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We have been producing and selling eggs for the last five years.  Our flock is made up of a mix of old fashion and cross bred production hens.  We have maintained a flock of 25 birds of various ages.  We have also collected some data on productivity and cost using different feeding strategies. 

The charts below are based on our 25 hen flock, locally produced conventional chicken feed ($12.00 for 50 lbs.), and three different feeding strategies. 

First we tried full feed for a year.  We fed 1/4 lb of chicken feed, half layer mash and half scratch grain.  The hens had access to the pasture, but didn’t need to forage for any of their food.  This method produced the most eggs.  It was also the most expensive.  Eggs sell for $2.00 per dozen in our community (you can find them for less if you are willing to drive a bit.)  Using full feed we were able to produce eggs for less than $2.00 per dozen about half of the weeks in the year.  We probably broke even, but certainly didn’t make any money.  (We use recycled egg cartons.  People are happy to donate them.  Buying new egg cartons is rather expensive.  Even if you buy them by the  thousand they end up being around $0.25 each.  That adds a big cost to egg production.)

Our second experiment was 1/2 feed for a year.  We fed 1/8 lb of chicken feed and expected the hens to forage out in the pasture for the rest.  We rotated them behind the goats and cows.  They ate lots of greens, bugs, and did a good job cleaning up the pasture.  Egg production fell of quite a bit when the weather got cold, but they kept producing at at least 50%.  Using this method our production costs stayed well below the selling price.  We made a profit of at least $0.50 per dozen on all the eggs we sold.  In the peak production time it was closer to $1.00 per dozen profit.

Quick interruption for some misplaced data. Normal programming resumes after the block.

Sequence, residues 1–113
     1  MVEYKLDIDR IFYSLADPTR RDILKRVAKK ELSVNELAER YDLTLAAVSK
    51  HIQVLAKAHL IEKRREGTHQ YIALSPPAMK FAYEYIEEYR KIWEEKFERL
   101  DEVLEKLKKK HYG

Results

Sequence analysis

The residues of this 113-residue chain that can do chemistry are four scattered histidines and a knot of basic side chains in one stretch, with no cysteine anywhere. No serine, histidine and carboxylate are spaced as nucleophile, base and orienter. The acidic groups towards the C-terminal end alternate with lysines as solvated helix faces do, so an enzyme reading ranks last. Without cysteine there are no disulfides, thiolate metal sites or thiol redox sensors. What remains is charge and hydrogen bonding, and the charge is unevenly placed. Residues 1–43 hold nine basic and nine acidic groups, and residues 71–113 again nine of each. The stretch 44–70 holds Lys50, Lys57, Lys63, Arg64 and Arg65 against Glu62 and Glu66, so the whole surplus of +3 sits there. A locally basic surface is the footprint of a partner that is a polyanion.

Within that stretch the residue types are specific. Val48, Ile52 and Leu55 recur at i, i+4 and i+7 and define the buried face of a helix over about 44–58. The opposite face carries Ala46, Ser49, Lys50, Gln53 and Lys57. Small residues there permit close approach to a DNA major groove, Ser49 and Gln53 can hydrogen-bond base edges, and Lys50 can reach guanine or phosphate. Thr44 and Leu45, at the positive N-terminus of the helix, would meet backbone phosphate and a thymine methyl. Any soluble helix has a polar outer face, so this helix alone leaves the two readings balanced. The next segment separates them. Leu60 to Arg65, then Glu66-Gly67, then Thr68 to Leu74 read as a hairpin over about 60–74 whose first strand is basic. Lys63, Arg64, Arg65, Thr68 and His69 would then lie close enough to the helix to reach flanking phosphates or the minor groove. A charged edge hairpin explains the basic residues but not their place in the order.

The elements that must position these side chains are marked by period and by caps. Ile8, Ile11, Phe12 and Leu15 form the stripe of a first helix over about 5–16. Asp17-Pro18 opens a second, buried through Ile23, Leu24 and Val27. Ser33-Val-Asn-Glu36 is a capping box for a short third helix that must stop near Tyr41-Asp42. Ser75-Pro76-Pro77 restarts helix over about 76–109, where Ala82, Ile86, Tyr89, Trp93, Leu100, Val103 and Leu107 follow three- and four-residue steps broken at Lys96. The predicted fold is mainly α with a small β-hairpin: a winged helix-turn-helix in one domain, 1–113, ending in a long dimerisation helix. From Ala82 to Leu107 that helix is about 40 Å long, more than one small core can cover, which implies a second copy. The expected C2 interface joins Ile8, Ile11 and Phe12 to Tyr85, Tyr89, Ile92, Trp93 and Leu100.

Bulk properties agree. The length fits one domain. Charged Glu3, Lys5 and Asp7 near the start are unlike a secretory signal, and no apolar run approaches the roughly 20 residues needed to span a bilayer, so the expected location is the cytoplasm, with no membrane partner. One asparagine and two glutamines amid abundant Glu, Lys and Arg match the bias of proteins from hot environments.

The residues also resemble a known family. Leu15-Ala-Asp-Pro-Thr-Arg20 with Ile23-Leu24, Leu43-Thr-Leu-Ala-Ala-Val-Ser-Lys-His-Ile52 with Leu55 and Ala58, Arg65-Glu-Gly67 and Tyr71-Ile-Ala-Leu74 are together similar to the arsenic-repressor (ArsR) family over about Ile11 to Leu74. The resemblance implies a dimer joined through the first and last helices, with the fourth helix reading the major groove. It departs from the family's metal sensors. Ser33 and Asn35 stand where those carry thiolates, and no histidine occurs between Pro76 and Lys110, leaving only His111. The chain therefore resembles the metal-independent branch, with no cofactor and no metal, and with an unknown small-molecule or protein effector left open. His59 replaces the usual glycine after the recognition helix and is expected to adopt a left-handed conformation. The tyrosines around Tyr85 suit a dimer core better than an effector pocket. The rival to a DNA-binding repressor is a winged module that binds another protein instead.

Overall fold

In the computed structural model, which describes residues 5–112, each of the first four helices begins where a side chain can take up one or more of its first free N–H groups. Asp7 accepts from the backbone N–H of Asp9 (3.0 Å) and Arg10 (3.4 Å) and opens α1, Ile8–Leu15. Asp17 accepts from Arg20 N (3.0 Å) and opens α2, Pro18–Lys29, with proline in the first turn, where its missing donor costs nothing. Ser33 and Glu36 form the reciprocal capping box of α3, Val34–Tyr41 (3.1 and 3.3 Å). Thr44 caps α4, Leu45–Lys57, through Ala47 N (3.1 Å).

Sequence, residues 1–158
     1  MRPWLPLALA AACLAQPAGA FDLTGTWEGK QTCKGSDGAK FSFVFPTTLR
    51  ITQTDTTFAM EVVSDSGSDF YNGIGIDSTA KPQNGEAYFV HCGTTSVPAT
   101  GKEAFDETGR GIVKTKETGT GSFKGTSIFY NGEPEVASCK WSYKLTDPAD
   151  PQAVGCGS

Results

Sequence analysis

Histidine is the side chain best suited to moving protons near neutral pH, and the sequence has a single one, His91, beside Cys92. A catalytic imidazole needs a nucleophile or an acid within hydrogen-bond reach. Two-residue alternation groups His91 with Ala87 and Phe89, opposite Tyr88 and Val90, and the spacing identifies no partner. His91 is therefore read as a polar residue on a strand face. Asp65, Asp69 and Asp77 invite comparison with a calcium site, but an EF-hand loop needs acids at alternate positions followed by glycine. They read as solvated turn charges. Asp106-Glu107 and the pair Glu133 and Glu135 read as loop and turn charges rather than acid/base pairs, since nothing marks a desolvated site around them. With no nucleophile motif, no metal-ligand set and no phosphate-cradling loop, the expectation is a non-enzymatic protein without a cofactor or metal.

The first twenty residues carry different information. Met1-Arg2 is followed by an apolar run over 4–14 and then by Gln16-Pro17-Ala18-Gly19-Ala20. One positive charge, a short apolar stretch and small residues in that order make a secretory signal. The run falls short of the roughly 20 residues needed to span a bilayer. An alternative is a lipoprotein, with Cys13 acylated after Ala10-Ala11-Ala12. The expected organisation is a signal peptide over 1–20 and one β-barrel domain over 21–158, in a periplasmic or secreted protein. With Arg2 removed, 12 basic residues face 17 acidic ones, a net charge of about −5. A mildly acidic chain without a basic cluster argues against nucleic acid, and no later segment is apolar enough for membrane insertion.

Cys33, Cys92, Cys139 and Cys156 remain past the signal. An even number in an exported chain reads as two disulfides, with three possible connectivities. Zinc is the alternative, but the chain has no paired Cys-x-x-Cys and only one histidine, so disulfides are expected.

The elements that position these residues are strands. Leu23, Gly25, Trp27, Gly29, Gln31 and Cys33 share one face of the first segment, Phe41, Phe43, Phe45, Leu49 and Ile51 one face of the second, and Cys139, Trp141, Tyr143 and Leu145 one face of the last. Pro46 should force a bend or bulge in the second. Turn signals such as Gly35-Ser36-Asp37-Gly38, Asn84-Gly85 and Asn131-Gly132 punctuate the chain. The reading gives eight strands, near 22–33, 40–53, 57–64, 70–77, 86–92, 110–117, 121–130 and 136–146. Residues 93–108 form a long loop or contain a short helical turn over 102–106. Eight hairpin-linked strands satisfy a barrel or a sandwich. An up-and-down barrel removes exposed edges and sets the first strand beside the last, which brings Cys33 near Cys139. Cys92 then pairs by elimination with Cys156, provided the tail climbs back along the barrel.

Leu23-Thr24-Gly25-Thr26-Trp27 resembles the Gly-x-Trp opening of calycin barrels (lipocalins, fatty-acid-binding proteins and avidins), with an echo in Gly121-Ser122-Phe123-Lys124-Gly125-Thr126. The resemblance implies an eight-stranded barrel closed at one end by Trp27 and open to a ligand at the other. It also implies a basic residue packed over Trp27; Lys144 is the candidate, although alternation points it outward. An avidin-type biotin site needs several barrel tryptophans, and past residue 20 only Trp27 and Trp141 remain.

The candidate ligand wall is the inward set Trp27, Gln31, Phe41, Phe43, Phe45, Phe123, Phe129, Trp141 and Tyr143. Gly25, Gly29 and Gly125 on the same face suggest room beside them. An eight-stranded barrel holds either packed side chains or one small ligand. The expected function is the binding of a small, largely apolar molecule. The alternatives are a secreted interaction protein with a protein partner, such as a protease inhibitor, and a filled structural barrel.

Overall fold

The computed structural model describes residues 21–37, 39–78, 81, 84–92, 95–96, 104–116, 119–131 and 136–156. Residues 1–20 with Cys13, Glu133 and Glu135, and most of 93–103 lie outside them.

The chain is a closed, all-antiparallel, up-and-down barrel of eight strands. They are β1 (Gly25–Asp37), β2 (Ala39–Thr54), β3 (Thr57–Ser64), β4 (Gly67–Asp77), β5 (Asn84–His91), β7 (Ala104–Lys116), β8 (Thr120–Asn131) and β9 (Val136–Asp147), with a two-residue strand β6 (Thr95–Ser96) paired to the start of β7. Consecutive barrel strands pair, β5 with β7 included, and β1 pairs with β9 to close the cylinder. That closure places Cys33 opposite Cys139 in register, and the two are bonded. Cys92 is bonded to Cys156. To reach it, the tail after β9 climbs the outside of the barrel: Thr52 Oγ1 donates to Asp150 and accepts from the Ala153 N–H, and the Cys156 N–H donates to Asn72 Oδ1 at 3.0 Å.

Our last test was to feed them nothing.  We ran this test for a year too.  (we did give them kitchen scraps, but we have done that with the other two tests, so it didn’t change anything.  This was the least productive and the lowest cause.  I was supprised how productive they were in the warm season.  Very close to what we got on half feed.  When it got cold and dark they really dropped off.  We let them have complete access to the animal pastures, the gardens, and the yard.  The only other negative I noticed from this method was the mess.  They can take apart a flower garden or a lawn in pretty short order, and they will as they look for food.  Even though this method had the best production cost, we will not do it again.  Having a third of the year where there are very few eggs is a good way to lose customers.  It was also pretty hard on the gardens, the lawn, and my nerves.

 

 

We will be continuing our production flock this year.  We’ll use our half feed/rotational grazing method.  It is a lot of work, but we got the most out of it, both financially and in pasture improvements.  We will be experimenting with adding light into the coop this next winter (not easy when you move the coop every few days and it can be as far as 600 fee to the nearest electrical outlet.)  That should help keep our winter production up a bit.  We will also be trying some grain production to see if we can economically grow our own feed.